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Cops paid judge for search warrant

  1. chillinwill
    A crooked former Chicago cop testified Wednesday that he paid a judge in connection with a search warrant.

    Richard Doroniuk, who has pleaded guilty to robbing drug dealers, is a government witness at his former partner's trial in federal court. He faces more than 20 years in prison, but is hoping for a lesser sentence for his cooperation.

    Doroniuk testified he and partner Mahmoud "Mike" Shamah stole money and drugs from suspected dope dealers in 2005 and 2006 while they were tactical officers in the Morgan Park District.

    While discussing the search warrants that the officers obtained, Assistant U.S. Attorney Christina Egan asked Doroniuk if he ever gave money to a judge.

    "He asked for it," Doroniuk said, adding that he paid the judge. Doroniuk did not elaborate on why he paid the unnamed judge.

    Under questioning from Shamah's attorney, Anthony Pinelli, Doroniuk said a judge approved a search warrant even though the judge knew there really was no "John Doe" informant. Such informants are supposed to appear before judges to provide the basis for a search.

    The Cook County state's attorney's office recently tightened rules regarding the use of John Doe informants, sources said. The change came after a meeting with federal prosecutors.

    Doroniuk and Shamah popped onto the FBI's radar when an informant alleged the officers were planning ripoffs with drug dealer Larry "Peanut" Cross. Doroniuk said Cross gave him the names of dealers to rob.

    Doroniuk said he would plant drugs on people when searches turned up nothing because he and Shamah needed to arrest someone to satisfy their bosses. He said he bought those drugs -- which he called "insurance" -- from Cross.

    Doroniuk said he paid Cross for the drugs with cash he stole from people during searches and traffic stops.

    One suspicious cop allegedly tried to horn in on the stolen cash, asking Shamah to "throw something" his way like on the TV show "The Shield." Doroniuk and Shamah never let the officer know they stole anything so they would not have to share it, prosecutors have said.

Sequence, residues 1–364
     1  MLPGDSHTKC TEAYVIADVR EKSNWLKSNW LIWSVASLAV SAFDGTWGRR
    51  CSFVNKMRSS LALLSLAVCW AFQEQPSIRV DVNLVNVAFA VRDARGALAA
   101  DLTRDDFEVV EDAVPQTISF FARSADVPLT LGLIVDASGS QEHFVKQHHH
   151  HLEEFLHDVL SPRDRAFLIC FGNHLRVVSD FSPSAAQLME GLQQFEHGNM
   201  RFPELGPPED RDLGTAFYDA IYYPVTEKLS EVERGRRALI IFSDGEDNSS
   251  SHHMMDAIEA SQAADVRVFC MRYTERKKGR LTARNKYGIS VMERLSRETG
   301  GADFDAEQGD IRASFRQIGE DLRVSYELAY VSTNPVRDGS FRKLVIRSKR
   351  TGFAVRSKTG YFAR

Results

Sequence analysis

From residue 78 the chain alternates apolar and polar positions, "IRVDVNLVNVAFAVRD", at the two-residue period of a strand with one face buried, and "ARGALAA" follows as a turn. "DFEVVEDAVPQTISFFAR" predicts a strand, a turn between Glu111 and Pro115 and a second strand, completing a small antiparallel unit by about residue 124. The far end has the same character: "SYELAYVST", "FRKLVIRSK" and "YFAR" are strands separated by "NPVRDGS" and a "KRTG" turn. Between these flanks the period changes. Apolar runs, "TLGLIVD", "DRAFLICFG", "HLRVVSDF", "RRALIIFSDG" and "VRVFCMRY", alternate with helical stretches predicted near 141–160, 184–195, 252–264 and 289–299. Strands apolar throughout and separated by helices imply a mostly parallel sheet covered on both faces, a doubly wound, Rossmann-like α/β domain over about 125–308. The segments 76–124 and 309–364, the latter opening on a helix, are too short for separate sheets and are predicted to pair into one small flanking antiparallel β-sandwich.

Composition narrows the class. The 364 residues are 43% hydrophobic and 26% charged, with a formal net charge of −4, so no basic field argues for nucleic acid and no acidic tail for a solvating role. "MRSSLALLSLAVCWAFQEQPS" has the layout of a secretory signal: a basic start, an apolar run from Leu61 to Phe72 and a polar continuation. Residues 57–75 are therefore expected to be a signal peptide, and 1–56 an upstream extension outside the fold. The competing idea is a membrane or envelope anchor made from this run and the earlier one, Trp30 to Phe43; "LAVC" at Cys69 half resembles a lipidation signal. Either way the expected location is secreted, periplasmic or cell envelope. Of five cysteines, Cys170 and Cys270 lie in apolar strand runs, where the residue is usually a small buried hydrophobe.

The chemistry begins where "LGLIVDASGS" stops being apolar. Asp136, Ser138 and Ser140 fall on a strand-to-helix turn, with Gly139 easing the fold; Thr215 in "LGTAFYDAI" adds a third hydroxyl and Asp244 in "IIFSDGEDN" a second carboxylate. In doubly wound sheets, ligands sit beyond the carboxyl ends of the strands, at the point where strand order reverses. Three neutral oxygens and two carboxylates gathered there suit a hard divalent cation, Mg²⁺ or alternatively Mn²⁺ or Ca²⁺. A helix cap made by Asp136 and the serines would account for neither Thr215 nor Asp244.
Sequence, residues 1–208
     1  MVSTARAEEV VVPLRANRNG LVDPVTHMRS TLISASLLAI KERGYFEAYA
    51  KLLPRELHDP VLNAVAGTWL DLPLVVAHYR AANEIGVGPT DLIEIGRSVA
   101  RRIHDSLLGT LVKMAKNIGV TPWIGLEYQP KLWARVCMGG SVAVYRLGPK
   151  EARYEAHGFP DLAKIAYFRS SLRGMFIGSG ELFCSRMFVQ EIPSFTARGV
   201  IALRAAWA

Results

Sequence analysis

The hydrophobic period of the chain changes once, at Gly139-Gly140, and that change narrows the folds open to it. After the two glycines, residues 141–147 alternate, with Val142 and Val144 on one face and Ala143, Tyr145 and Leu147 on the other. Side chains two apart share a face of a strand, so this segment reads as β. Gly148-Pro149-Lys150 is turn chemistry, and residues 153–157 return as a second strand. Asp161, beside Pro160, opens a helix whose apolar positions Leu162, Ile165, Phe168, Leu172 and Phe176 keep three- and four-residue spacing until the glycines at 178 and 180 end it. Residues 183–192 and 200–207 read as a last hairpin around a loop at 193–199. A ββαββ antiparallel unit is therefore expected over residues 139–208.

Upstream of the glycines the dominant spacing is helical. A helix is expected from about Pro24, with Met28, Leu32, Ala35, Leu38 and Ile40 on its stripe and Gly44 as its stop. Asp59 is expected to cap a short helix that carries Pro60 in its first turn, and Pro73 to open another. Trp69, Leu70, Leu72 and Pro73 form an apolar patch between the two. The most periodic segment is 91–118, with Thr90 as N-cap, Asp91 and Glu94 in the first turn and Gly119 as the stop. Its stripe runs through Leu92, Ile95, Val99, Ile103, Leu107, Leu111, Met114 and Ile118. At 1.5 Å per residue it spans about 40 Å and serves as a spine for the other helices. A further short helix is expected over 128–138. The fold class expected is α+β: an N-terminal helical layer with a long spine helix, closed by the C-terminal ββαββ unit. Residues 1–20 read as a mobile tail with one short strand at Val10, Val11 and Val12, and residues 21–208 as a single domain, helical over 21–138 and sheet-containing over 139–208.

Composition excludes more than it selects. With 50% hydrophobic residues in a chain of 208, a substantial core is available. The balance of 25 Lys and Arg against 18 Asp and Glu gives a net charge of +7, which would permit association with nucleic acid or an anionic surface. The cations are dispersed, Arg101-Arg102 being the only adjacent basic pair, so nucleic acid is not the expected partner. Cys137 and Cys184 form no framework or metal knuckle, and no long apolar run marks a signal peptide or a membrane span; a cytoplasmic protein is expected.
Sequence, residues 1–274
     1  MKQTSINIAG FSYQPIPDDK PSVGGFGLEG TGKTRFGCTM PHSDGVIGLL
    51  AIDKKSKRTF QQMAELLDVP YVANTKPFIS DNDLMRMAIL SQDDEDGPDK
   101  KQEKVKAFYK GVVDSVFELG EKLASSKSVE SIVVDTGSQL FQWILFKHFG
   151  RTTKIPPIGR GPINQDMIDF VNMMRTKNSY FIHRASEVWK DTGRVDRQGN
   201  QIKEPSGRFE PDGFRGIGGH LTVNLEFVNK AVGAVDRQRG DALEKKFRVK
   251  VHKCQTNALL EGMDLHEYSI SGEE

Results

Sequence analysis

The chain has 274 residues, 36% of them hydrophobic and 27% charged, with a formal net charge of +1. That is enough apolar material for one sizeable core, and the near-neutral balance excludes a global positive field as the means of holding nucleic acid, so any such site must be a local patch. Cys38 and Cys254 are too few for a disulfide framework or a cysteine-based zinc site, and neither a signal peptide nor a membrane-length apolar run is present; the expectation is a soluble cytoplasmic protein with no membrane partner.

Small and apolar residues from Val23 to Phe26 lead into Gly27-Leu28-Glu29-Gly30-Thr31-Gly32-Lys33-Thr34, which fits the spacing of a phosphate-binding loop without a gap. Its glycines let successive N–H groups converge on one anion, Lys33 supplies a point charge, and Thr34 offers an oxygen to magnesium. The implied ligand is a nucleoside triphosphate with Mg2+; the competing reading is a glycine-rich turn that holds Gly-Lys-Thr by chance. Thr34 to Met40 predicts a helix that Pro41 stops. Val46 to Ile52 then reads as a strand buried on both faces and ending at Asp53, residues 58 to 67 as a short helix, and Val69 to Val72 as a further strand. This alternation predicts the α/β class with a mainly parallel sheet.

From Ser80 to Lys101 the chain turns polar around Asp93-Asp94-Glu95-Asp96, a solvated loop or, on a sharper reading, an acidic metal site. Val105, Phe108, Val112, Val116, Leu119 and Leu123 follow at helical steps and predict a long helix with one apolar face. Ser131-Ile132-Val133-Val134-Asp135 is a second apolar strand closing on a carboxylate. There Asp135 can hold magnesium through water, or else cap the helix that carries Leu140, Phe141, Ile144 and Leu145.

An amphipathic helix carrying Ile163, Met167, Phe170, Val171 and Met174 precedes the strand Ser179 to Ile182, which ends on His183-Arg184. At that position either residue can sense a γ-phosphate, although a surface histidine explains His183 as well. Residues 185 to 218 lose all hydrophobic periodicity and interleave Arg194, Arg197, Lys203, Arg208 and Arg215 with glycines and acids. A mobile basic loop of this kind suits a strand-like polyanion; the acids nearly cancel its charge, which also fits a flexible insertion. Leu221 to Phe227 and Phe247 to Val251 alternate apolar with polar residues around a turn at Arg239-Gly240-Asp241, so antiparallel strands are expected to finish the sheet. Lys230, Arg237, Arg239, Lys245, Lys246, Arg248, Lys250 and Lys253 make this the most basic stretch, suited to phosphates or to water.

BY FRANK MAIN, Crime Reporter
    November 20, 2008
    Chicago Sun-Times


  1. Rightnow289
    I bet he will get a lower sentence cos he is an ex cop.
  2. old hippie 56
    But, what about the judge? We he fade away into oblivion, or remain unnamed?
  3. discjunkie313
    Swidj seriously doubts the judge will face charges..he can remember hearing about a judge getting busted with cocaine..4 years later this same judge who was now a defense attorney represented swidj on a dui charge,lol..swidj thinks its not what you know it's who ya know..like sccoter libby..takeing the fall for all that white corruption with the undercover CIA agent..was pardoned almost right after he was sentenced..cause he was a good buddy of old G.W Bush..but just goes to show you..that cops are just as crooked as the people they bust..but they dont start out that way IMHO..the majority anyway swidj would have to say..it's when the prosecutor who are the most crooked ppl on earth tell them what they must say on the report to make the charge stick.

    for instance swidj was arrested for dui..the cop that arrested swidj followed swidj into another district, because the police officer was out of his jurisdiction..the charges would have been dropped, the only way to make the charges stick, was to say the officer was in hot pusuit of swidj..the police officer claimed..he flipped his lights on and swidj..sat through an entire red light with the lights flashing, and proceeded into the next jurisdiction..this was total BS..but its an example of the the DA coachin the police. in the end, charges were dropped anyway cause the police could not come up with a tape of the stop..1 for the good guy,LOL..anyway swidj is glad that at least 1 cop got busted here for being corrupt..1 down 1,000,000 to go-DJ
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